Congenital Heart Defects
What are congenital heart defects?
What are the symptoms of congenital heart defects?
What causes congenital heart defects?
How are congenital heart defects diagnosed?
How can congenital heart defects be treated?
Congenital defects of the heart are structural abnormalities present since birth; they can affect many parts of the heart. Some require no repair, some are fairly easy to repair, and some are complex and life-threatening. Very serious congenital heart defects must be treated in infancy, but some don't become a problem until many years later; sometimes, a repair made in infancy requires reoperation in adulthood.
Adult congenital defects of the heart that are treated at Dartmouth-Hitchcock include the following conditions:
- Aortic valve stenosis, which means the flaps of the valve between the heart's left ventricle and the aorta are thickened, stiff or stuck together and are thus unable to open completely; this partially blocks the flow of blood into the aorta.
- Bicuspid aortic valve (BAV), which means the aortic valve has just two flaps, rather than the normal three (the triangle-shaped flaps are also known as cusps, from the Latin word for "point"—so "bicuspid" means "having two flaps.") Almost half the people who have aortic valve stenosis also have a BAV; it is the most common congenital heart defect.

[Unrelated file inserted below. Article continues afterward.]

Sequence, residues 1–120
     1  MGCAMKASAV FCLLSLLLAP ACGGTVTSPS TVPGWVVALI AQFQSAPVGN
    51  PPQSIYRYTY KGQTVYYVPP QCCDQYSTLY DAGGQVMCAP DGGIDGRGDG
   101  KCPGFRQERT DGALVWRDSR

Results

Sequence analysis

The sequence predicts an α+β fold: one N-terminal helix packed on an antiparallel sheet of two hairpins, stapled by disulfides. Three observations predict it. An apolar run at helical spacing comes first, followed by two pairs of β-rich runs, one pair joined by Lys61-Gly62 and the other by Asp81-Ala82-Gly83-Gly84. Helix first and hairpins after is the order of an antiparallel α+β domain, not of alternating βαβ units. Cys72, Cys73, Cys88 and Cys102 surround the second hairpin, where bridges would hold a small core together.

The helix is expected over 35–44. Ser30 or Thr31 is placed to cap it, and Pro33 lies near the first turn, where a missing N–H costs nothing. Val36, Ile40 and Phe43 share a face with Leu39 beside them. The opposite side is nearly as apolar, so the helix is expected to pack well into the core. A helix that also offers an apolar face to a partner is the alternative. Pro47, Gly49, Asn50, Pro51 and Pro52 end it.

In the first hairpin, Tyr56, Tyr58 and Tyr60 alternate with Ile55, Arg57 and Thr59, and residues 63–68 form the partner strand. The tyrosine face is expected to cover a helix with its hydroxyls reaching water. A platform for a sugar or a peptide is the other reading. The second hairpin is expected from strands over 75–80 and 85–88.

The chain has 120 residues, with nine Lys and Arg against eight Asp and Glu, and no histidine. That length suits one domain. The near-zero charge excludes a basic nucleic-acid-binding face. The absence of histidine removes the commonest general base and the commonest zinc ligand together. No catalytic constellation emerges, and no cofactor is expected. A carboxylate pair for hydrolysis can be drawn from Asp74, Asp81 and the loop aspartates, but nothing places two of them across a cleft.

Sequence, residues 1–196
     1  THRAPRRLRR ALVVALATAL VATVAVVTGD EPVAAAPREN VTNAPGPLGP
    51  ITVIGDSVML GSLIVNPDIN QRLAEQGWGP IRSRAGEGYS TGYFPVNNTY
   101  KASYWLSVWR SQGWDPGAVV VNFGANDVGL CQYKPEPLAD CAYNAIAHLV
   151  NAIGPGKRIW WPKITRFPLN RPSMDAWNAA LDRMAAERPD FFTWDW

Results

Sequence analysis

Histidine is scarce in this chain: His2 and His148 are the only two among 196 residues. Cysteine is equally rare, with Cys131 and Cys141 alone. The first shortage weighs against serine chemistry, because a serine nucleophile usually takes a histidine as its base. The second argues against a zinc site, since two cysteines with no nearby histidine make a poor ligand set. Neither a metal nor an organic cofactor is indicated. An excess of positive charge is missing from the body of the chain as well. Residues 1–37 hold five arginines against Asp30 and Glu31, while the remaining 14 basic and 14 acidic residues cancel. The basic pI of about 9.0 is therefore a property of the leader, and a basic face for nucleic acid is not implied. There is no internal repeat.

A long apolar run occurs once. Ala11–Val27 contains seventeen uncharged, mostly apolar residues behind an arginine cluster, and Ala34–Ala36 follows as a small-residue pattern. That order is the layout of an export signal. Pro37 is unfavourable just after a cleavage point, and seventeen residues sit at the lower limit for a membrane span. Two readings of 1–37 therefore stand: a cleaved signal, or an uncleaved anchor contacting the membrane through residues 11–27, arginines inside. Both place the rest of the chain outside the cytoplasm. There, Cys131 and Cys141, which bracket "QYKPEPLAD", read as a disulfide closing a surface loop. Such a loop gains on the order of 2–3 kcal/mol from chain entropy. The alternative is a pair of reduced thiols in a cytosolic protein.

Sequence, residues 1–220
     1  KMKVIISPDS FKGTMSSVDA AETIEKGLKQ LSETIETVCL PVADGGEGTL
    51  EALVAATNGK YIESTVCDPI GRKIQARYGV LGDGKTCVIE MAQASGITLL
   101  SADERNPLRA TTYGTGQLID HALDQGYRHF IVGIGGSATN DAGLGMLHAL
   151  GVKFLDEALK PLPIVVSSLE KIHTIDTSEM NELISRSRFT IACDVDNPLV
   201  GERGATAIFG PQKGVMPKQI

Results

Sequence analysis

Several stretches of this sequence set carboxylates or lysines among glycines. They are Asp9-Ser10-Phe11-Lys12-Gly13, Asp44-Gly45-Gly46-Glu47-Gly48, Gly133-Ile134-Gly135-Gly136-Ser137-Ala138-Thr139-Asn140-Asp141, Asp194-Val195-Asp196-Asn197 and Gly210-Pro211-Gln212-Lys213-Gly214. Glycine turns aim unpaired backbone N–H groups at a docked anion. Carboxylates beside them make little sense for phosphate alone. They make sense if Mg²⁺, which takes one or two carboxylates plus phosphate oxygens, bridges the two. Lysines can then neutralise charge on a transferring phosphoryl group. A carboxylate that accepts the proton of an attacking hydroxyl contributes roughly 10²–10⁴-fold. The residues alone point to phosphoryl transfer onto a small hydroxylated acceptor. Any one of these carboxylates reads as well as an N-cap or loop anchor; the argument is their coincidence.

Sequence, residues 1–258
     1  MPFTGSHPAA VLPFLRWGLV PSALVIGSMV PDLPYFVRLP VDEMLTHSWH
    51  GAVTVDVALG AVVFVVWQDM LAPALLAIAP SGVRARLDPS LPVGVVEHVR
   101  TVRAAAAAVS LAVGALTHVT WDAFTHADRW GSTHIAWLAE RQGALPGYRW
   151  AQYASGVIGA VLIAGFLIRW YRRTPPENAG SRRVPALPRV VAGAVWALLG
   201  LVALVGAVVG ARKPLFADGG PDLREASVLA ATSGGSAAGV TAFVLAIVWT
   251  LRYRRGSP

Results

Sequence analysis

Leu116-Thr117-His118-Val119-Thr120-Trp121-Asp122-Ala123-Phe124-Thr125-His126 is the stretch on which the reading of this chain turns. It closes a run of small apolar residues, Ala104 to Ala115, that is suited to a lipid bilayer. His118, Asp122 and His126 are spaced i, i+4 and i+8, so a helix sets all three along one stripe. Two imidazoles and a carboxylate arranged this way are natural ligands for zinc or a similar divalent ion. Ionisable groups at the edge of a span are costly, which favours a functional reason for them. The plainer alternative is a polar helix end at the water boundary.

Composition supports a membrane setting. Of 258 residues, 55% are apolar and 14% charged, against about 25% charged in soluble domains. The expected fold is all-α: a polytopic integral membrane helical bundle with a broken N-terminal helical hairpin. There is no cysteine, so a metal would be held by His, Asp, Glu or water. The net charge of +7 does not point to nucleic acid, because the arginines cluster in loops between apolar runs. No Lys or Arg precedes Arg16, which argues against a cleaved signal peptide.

- Pulmonary valve stenosis, a blockage in the valve between the right ventricle and the artery that transports blood to the lungs.
- Atrial septal defect (ASD), a hole in the atrial septum, or the wall separating the heart's two upper chambers.
- Patent foramen ovale (PFO), a specific kind of ASD.
- Ventricular septal defect (VSD), a hole in the ventricular septum, or the wall separating the heart's two lower chambers.
- Ebstein's anomaly, which means the flaps of the tricuspid valve, between the heart's right atrium and right ventricle, are improperly formed and/or placed. This often causes the blood to flow backward from the ventricle into the atrium. In addition, Ebstein's anomaly is often accompanied by an ASD.
- Tetralogy of Fallot, a rare and complex condition that involves four defects—a large VSD, pulmonary valve stenosis, enlargement of the right ventricle, and a defect in the aorta.
Defects in the structure of the heart are the most common kind of birth defect. Every year, more than 35,000 babies with congenital heart defects are born in the U.S., according to the National Institutes of Health. In many cases, however, the defect is not identified until later. More than a million adults have a congenital heart defect.
Symptoms of a disease are indications that can be detected by the patient, such as pain or fatigue (while signs are indications that can be detected by a doctor, such as the results of a blood test or an X-ray). Sometimes congenital heart defects cause few or no symptoms (or signs), while sometimes symptoms develop gradually and the condition requires eventual treatment. Severe defects, however, may be evident even in a newborn—due to such factors as unusually rapid breathing; cyanosis (a bluish tinge to the skin, lips and fingernails, caused by incomplete oxygenation of the blood); fatigue or tiredness; or poor circulation—and may require immediate medical attention.